A bench scraping tool is very useful here, but if you don’t have one do your best with some kind of spatula. Fold the right ‘side’ of the dough ball over
Then the top
Then the left
And finally the bottom. This process traps more air in the dough
Drizzle a little olive oil in a large bowl and nestle the dough in it, seam side down. Cover with clingfilm and leave somewhere warm for 45 minutes to rise. It will have risen by about a third
Tip the bowl over onto your lightly floured work surface so the dough falls out
Repeat the folding process above, folding each ‘side’ of the dough into the centre again. Leave to rise for a further 45 minutes. Until the dough has risen another third
When the dough is ready (about double the size you started with) tip the dough out again onto the work surface and cut into 6 pieces. This is easiest with a bench scraper, pressing straight down to cut
Pick up one dough ball and tuck all the sides under, stretching a gluten cloak around the ball making it smooth and taut
Turn the tightened dough ball over and squeeze all the seams together
Return the ball to the floured work surface, seam side down, and repeat with the rest of the dough balls, leaving enough space on your work surface for you to shape the pizzas later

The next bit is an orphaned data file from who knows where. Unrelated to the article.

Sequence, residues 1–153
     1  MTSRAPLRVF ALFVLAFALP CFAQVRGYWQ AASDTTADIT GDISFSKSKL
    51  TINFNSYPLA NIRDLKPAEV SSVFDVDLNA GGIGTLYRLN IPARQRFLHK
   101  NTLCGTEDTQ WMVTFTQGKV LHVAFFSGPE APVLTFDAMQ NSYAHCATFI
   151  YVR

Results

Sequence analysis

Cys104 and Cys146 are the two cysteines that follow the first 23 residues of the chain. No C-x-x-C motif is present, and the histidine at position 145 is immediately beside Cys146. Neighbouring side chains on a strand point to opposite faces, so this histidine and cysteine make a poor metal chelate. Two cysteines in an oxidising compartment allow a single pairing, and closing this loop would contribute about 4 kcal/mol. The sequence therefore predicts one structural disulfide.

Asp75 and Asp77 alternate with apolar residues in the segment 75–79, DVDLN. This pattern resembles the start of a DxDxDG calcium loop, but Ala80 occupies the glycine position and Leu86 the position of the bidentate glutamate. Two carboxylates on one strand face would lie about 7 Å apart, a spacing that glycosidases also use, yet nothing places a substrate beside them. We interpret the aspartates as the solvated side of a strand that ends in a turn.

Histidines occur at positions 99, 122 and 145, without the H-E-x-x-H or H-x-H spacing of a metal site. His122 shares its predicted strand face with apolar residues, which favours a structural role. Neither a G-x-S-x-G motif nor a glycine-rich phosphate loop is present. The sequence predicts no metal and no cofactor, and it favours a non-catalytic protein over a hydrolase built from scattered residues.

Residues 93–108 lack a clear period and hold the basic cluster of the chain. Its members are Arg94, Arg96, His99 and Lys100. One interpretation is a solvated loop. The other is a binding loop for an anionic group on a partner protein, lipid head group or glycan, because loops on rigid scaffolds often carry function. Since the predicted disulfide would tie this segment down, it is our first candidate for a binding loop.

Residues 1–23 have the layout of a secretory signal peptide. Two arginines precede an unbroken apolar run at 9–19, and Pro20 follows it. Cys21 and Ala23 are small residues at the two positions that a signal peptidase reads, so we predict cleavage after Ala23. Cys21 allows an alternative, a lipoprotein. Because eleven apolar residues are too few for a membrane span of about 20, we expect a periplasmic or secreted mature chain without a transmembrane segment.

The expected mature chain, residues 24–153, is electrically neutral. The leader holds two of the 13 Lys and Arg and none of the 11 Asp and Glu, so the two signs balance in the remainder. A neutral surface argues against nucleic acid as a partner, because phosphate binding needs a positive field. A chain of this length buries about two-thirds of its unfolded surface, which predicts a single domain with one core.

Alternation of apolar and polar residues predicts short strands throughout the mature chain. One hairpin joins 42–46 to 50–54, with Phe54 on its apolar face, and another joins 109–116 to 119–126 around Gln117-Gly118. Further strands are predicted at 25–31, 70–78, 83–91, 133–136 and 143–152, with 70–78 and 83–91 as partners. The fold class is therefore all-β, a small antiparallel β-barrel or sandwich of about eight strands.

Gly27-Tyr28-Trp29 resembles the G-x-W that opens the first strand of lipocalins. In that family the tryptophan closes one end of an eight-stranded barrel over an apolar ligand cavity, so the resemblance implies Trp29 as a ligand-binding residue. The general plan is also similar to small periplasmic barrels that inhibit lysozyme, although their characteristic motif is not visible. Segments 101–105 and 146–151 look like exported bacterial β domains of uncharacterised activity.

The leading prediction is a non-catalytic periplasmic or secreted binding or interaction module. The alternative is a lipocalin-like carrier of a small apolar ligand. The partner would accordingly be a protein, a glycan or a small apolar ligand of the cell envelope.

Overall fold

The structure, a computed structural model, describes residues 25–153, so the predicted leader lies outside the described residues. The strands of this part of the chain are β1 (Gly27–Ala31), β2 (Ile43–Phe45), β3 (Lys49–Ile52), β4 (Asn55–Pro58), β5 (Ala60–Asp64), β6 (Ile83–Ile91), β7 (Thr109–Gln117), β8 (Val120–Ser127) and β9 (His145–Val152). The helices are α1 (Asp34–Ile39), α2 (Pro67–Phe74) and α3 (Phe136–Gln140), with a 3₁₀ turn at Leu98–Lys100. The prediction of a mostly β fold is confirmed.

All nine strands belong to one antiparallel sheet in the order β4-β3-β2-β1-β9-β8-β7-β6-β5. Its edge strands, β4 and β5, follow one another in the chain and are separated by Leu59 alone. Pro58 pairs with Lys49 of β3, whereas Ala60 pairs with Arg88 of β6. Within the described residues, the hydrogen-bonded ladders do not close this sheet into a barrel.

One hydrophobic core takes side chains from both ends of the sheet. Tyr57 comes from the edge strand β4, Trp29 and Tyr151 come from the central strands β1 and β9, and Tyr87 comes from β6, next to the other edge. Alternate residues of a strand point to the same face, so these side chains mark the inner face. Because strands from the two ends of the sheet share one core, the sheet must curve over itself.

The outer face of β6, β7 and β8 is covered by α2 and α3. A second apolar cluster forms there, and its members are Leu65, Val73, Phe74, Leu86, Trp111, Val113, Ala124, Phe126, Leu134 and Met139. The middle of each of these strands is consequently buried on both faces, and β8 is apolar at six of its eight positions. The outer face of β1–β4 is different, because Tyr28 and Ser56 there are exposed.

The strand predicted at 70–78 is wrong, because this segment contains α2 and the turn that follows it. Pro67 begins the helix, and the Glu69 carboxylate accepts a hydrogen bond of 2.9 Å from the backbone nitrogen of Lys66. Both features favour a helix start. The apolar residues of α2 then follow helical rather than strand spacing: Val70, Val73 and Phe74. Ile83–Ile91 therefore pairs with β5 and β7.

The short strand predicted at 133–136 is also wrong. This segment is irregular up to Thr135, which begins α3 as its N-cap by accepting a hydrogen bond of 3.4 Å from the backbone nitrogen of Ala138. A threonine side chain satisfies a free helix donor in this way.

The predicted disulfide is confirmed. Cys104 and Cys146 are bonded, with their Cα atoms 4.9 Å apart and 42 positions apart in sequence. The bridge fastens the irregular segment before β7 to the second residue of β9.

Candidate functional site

Drizzle with a little olive oil to stop the surface drying out and sticking, then cover loosely with clingfilm for the final rising
Position your pizza stone on a rack about 10cm from the top of the oven, and set the oven to maximum temperature. In my oven that is 240°C/ gas mark 8, but I think my oven runs a little hotter – great for pizza, not so good for Victoria sponge
Leave the oven and the dough balls for a further hour, until airy and puffed. This is a good time to prepare all your toppings – make your sauce, chop the vegetables, slice the cheese, pluck the herbs. It’s good to have these all arranged around your pizza-making work surface, so they are ready when the dough is.
To make the pizza sauce, add all ingredients to a medium bowl and purée with an immersion blender. Set aside until ready to assemble the pizza
When the toppings are ready, the oven is piping hot and the dough is billowy, you are ready to shape. Dust your work surface again and transfer a dough ball to the centre. Press the middle of the dough ball to flatten it, gently stretching it out as you press
The trick here is to try and keep as many air bubbles in the dough as possible, so please put away that rolling pin. You want to stretch the dough, but not completely flatten it. Although the finished dough will be thin and look flat, it still has plenty of air in it to expand and lighten the texture as it bakes